Plastic pollution: how recycling is being used by big business to whitewash the damage they cause to the planet – Stephen Jardine

In the case of the apple, the challenge was how to keep the fruit moist, firm and fresh. The solution was for the fruit to develop its own waxy coating to seal in the goodness and, since Adam and Eve, that worked pretty well.

Then came the supermarket retailers and, of course, they knew better. Not content with letting the apple protect itself as it had since the dawn of time, they decided it had to be wrapped in plastic. Or better yet, in a cardboard tray with a sturdy plastic lid.

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And that trend is why the Big Plastic Count released its appalling findings this week: A survey of 100,000 households found that the UK throws away around 100 billion pieces of plastic each year, with recycling not even not a dent in the problem.

According to Greenpeace, only 12% of this waste ends up being recycled, 25% is landfilled and 46% is burned. “Pretending we can sort this out with recycling is just industry greenwashing,” a spokesperson said.

Plastic comes in all shapes and sizes, but the survey clearly indicates that food retail is the biggest problem. For the average household, 83% of the plastic thrown away each week comes from this source, with the most common items being fruit and vegetable packaging.

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Recently, recycling has been a way for us to feel a little more comfortable with the crisis facing our planet. By washing milk cartons and carefully removing lids from yoghurt pots, we feel like we’re doing our part to avoid oblivion and thus be able to sleep safely. The reality is quite different.

Despite operations like this, most plastic waste ends up in landfills or is burned (Photo: Dan Kitwood/Getty Images)

“Recycling doesn’t work, we all know that,” said Daniel Webb, founder of Everyday Plastic. “If we think things are recycled, we can carry on as we are.”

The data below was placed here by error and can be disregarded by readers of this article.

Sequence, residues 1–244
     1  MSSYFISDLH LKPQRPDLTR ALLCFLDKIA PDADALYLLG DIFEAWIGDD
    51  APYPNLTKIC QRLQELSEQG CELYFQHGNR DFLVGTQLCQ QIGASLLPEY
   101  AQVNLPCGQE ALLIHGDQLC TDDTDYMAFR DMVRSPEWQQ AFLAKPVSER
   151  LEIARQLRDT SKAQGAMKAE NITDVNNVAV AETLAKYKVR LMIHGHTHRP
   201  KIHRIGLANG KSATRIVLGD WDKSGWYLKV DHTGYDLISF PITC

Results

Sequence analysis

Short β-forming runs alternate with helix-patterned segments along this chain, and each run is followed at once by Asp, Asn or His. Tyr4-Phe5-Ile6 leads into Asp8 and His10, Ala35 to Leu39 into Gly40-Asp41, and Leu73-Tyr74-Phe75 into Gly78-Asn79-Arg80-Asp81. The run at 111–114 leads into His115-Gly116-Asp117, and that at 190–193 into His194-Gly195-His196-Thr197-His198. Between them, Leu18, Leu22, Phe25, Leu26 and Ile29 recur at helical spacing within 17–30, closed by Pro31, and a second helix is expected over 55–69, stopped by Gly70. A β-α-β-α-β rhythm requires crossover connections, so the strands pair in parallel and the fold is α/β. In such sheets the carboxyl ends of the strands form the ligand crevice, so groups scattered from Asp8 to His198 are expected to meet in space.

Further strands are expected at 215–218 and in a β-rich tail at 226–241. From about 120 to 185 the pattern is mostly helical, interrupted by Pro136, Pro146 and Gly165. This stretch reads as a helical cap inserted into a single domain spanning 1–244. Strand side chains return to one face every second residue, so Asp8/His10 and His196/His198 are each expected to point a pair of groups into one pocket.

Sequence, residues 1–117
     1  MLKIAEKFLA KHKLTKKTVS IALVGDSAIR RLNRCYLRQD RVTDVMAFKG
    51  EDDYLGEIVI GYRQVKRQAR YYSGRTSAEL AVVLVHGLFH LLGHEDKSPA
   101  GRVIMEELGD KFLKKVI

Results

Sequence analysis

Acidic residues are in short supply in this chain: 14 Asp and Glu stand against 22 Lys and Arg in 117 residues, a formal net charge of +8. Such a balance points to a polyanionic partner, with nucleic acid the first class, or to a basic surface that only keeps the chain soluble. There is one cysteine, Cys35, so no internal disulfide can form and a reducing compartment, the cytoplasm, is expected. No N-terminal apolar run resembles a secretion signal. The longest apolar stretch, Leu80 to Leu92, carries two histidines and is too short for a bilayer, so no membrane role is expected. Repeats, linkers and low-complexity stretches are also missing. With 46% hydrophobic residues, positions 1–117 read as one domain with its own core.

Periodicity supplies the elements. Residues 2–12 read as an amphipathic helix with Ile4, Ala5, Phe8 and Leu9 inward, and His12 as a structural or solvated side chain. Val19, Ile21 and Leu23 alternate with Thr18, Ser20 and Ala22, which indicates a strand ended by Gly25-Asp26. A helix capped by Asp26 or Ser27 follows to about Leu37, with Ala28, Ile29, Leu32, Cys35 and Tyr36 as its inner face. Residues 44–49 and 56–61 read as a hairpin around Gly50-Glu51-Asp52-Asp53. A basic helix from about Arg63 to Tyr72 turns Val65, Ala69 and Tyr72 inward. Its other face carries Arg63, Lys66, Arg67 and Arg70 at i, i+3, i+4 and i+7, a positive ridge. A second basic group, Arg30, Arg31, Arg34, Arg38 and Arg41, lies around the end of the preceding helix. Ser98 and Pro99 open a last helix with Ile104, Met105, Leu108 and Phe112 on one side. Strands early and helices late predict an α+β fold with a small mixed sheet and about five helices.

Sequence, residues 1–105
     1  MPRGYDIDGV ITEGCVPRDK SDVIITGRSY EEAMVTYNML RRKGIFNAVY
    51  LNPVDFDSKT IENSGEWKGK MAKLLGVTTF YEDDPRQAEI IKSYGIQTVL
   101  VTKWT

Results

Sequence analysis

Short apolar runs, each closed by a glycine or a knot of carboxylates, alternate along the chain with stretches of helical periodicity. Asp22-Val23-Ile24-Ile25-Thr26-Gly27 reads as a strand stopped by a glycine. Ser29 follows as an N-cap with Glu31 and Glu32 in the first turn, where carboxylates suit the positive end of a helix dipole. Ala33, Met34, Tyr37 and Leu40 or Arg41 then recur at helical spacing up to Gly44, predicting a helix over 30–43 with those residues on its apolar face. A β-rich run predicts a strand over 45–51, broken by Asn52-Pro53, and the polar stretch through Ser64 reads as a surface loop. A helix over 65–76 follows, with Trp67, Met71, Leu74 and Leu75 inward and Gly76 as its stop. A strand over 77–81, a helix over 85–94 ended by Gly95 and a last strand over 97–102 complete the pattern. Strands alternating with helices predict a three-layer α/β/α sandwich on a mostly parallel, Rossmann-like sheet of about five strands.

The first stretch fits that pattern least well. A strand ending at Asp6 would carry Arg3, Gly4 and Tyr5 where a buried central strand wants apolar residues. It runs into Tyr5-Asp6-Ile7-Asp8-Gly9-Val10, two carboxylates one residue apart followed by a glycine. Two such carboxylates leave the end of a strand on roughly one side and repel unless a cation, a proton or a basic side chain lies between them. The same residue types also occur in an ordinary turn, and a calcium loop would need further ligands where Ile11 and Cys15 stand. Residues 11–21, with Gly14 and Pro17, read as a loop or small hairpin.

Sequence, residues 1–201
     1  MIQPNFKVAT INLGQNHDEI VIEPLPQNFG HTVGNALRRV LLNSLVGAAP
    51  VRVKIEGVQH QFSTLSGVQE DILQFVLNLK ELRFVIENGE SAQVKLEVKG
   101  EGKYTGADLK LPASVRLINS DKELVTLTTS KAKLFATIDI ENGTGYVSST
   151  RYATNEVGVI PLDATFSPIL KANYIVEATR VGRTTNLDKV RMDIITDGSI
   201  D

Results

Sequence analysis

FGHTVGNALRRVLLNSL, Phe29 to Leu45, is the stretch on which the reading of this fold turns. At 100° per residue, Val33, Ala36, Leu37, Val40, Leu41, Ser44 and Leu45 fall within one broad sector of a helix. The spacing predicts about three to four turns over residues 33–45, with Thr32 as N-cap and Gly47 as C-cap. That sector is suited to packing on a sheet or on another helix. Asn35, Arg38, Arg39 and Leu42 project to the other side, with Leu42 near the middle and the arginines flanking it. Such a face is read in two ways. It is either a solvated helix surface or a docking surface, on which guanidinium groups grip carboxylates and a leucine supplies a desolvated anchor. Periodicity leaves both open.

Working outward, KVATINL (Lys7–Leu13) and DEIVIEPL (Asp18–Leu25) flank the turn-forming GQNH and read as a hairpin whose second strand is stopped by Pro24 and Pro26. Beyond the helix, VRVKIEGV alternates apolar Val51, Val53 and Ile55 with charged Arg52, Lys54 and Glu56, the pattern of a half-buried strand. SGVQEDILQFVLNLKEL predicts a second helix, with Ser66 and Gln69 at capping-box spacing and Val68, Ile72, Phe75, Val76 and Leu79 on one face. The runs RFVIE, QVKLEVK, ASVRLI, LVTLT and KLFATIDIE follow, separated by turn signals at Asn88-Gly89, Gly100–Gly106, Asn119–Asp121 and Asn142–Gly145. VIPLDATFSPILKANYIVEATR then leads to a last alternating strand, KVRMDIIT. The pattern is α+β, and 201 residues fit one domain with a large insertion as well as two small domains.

Recycling also makes us responsible. We feel guilty if we forget to bring a bag to the supermarket and buy a new one. We punish those who put things in the wrong bin or don’t realize that many coffee cups aren’t disposable.

The truth is, it’s not our fault. The blame for the plastic epidemic lies with food manufacturers and large retailers. Over the years they have conditioned us to expect fruit and vegetables to be wrapped in plastic to the point that when a supermarket recently tried to move away from that, it instantly lost market share.

We have to break the belief system behind all of this. Instead of organizations like Zero Waste Scotland urging consumers to recycle better, resources should be invested in public information campaigns to raise awareness of the damage plastic is doing to our own environment, so we are demanding a change.

Governments should also legislate to restrict plastic packaging in retail and provide green tax breaks for those who try different solutions.

New laws on single-use plastics like straws and stirrers were introduced last month, but they are just a drop in the ocean. We must go further and faster.

Consumers have a role to play in demanding change and using their purchasing power, but that will only happen when big business chooses to take a different approach or is forced to do so.

Bryce K. Locke